‘Consider alternatives to demolition’, City of London tells developers

Developers in the City of London, United Kingdom, will be asked to consider alternatives to demolition at the earliest stage of the planning process in a bid to reduce the Square Mile’s carbon footprint.

Fleet House London, artists impression An artist’s impression of how Fleet House in the City of London would look after refurbishment. (Photo: City of London Corporation)

The City of London Corporation has announced it is the first planning authority in the country to issue guidance expecting developers to carry out a detailed review of the carbon impact of development options before submitting an application.

This includes considering refurbishing existing buildings rather than knocking them down and replacing them with new structures.

City of London Corporation Planning and Transportation Committee chairman Shravan Joshi said:

“This pioneering planning guidance puts the City at the forefront of the growing drive to give substantial, detailed consideration to retaining and refurbishing buildings rather than simply knocking them down and starting from scratch.

“It will provide clarity for developers, who are themselves in increasing numbers looking to explore the environmental and financial advantages of retrofitting or refurbishing.”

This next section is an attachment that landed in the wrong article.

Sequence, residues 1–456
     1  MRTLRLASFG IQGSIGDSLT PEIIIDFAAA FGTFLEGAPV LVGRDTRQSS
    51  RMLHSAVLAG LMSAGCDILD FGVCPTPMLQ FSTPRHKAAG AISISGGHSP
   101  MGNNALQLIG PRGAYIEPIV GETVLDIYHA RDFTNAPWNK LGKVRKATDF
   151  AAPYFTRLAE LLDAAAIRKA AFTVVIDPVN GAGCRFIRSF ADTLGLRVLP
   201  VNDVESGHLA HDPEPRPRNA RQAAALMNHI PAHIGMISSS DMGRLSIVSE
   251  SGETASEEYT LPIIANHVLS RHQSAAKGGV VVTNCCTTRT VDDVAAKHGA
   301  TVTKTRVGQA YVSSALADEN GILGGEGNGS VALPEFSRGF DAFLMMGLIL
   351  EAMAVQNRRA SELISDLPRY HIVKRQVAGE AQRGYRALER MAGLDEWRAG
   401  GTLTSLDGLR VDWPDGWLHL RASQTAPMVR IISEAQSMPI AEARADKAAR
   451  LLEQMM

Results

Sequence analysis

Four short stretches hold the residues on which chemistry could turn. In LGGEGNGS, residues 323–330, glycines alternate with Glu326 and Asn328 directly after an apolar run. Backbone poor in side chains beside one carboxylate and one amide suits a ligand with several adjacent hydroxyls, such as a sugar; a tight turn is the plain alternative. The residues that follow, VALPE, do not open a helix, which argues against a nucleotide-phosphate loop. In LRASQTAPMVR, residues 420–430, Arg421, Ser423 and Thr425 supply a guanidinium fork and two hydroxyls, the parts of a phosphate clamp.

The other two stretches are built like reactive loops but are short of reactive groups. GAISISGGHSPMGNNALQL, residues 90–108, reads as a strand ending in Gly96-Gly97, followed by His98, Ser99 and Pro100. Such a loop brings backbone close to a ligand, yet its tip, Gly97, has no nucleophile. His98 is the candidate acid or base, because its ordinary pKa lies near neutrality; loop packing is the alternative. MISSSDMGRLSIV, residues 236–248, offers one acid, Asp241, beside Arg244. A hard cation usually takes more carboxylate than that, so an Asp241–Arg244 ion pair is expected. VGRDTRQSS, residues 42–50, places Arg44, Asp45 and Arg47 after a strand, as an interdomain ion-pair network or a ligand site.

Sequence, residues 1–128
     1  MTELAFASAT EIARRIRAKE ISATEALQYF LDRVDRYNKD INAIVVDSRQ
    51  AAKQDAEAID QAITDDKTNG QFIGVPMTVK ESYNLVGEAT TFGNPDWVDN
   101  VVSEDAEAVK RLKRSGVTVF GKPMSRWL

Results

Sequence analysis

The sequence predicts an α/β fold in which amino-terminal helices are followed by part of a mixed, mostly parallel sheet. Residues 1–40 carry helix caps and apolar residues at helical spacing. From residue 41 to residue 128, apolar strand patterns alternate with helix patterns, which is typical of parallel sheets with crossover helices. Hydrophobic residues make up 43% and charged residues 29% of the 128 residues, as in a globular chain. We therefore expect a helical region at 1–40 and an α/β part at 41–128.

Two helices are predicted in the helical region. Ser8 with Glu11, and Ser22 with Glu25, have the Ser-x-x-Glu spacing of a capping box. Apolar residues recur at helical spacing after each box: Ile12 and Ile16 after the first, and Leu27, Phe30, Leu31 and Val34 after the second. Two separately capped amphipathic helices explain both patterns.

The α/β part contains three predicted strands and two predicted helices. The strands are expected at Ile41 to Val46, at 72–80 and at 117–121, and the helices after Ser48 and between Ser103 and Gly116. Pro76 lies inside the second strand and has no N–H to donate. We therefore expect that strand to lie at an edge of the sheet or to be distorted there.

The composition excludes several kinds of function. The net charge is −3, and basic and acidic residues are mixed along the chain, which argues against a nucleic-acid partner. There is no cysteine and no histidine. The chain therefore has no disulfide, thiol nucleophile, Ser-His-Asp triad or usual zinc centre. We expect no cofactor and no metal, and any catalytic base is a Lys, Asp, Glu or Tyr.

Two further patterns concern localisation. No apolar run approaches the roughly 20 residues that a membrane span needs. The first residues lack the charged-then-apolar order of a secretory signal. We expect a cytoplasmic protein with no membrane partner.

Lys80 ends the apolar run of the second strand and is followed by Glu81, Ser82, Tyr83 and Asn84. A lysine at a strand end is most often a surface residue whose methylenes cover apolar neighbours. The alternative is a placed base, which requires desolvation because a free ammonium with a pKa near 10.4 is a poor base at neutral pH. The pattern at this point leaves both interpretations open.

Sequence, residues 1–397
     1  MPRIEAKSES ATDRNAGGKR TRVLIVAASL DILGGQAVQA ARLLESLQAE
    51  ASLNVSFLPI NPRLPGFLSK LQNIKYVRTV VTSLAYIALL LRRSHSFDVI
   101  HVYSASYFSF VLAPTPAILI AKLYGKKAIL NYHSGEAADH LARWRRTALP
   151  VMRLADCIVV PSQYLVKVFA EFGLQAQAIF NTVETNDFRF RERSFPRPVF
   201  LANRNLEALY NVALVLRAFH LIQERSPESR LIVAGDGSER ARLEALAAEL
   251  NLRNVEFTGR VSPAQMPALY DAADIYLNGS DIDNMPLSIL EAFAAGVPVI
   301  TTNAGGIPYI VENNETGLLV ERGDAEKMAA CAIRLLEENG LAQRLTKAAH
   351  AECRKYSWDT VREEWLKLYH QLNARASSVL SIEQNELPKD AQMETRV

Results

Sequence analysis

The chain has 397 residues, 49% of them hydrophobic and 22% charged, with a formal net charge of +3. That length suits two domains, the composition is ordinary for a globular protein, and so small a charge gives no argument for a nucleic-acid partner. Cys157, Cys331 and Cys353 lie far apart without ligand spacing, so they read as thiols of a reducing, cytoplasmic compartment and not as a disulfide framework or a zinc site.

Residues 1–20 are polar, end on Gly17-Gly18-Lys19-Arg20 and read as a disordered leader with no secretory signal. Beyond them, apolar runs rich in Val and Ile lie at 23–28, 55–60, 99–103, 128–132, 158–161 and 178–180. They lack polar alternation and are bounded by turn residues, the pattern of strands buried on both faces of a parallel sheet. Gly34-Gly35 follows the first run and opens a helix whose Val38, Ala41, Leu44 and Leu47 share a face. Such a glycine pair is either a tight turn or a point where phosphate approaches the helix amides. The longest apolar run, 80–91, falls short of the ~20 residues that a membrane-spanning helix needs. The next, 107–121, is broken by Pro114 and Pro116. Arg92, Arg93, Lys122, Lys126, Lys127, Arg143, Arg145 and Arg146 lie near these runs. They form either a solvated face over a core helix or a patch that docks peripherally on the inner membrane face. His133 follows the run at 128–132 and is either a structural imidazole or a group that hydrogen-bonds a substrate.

Shravan Joshi, City of London Corporation City of London Corporation planning and transport chair Shravan Joshi. (Photo: City of London Corporation)
Which developments does the guidance apply to?

The guidance, which the City of London Corporation developed in conjunction with Hilson Moran, an international multi-disciplinary practice offering design consultancy services for the built environment, was adopted “following a consultation with industry experts and other stakeholders”.

It applies to major developments – those greater than 1,000 sq m (10,763 sq ft) of floorspace – and developments which propose knocking down most of the existing structure.

Recent examples of refurbishment within the City of London include Fleet House, a 1950s office block, which was approved for redevelopment in January.

It will see almost three-quarters of the existing structure retained, though the neighbouring St Bride’s Tavern public house will be demolished and replaced by a new building.

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